Solution to Violence : Guidelines on Strengthening Coexistence Amidst Social Diversity

By UNDP in Thailand
4 July 2023

Many countries worldwide are currently facing complex and multi-dimensional political, social, and economic challenges ranging from poverty, inequality, and disparity, to discrimination against minorities based on nationality, race, religion, or language.


These challenges significantly contribute to dissatisfaction and can drive individuals or groups toward violent extremism at social, national, and global scales, resulting in conflicts, violence, and human rights violations.


To prevent the development of ideologies and extremism that may fuel division and violence, the United Nations recommends that member states consider developing ‘National Action Plans to Prevent Violent Extremism’, a plan that focuses on addressing the root causes of violent extremism.

The main approach involves building tolerance, celebrating diversity, and resolving economic and social problems to enhance the status and safety of vulnerable groups. This approach is people-centric and requires collaboration among various sectors of society and among government agencies. Crucially, each country will tailor their own National Action Plan themselves to fit their unique contexts.


While Thailand has not yet experienced extreme violence, it faces numerous challenges, particularly in the spheres of economy and politics. Marginalized and vulnerable groups lack access to some rights and could potentially drive societal division along ideological lines and contribute to a trend of increasing violence.


Responding to these challenges, Thailand signed the ASEAN Plan of Action to Prevent and Counter the Rise of Radicalisation and Violent Extremism (2019 - 2025) on October 31, 2018, and the ASEAN Bali Workplan in November 2019 to support approaches that prevent violent extremism by promoting tolerance and diversity.

These plans call on all member states to consider key elements in their national context alongside a national action plan to prevent violent extremism. Accordingly, in 2022, Thailand developed an action plan called Guidelines on Strengthening Coexistence amidst Social Diversity, a collaborative effort involving the Office of the National Security Council, civil society, academics, and support from the United Nations agencies, including the United Nations Development Program (UNDP), the United Nations Office against Terrorism (UNOCT), and the United Nations Office on Drugs and Crime (UNODC) under the EU supported project “Preventing Violence Extremism Through Promoting Tolerance and Respect for Diversity” supported by the European Union.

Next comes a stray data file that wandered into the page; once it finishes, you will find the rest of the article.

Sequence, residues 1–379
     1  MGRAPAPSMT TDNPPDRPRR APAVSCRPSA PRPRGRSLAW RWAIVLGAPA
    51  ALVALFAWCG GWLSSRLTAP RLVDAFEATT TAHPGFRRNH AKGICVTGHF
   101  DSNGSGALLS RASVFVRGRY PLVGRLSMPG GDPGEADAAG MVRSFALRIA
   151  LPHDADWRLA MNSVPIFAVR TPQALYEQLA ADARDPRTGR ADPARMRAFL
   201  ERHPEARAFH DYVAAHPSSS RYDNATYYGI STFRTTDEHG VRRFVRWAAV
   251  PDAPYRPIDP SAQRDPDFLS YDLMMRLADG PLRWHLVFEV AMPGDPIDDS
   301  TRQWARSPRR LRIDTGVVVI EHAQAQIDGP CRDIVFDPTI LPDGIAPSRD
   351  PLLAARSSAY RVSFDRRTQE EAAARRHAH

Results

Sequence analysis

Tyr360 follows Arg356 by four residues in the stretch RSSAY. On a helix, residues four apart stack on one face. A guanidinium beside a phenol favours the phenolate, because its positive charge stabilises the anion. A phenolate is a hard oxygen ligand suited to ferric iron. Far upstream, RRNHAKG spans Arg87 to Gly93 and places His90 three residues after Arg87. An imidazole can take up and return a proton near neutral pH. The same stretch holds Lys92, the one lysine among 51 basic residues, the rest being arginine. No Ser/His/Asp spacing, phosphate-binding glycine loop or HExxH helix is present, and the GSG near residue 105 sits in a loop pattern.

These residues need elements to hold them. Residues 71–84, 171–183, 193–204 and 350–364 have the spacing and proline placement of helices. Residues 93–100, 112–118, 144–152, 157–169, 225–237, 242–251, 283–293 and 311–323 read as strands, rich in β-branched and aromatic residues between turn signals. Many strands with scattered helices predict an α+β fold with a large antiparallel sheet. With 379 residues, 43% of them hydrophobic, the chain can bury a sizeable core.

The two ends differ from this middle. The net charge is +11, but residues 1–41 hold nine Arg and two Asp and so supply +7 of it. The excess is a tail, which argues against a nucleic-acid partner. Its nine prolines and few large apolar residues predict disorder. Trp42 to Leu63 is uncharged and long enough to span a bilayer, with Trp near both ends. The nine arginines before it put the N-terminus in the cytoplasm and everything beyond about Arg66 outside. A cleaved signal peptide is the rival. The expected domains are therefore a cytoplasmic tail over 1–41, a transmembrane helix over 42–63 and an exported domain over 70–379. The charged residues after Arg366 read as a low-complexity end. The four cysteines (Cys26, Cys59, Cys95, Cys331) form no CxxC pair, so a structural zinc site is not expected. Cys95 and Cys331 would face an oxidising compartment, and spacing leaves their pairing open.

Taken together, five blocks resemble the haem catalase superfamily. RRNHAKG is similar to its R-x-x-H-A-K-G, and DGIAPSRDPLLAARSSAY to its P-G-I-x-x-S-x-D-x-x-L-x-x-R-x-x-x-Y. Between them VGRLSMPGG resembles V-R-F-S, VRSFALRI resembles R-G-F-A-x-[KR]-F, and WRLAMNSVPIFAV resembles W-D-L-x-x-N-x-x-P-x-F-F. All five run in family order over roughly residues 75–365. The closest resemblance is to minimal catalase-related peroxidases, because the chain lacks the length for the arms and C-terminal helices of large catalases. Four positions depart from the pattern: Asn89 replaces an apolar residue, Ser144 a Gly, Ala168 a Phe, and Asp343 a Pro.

On September 27, 2022, the Cabinet approved the Guidelines for government agencies and other important sectors of the society to incorporate it into their works.


‘Dr. Bhanubhatra Jittiang', a lecturer at the Department of International Relations, Faculty of Political Science, Chulalongkorn University, explains that simultaneous collaboration across sectors is essential for building a multicultural society and preventing violent extremism. The government, along with associated organizations such as UNDP and civil society, should engage directly with the community and work together to address the root causes of each challenge and problem.


Violent extremism does not only refer to violence caused by the use of force or weapons; it also includes structural violence in multiple dimensions, such as economic violence, cultural violence, social violence, and environmental violence.


Therefore, all stakeholders must come together to identify problems and formulate solutions. This approach will result in a strong community. Once society has achieved all seven dimensions of human security as defined by the United Nations, which include economic security, food security, health security, environmental security, personal security, community security, and political stability, people will feel secure in their everyday lives, violence will likely decrease, and we will eventually achieve a peaceful society that respects each other’s differences.

Sources :

Bangkok Post |

Hedayah |

Ministry of Foreign Affairs of the Kingdom of Thailand |,


Royal Thai Government |


Written By
UNDP in Thailand
United Nations Development Programme
See also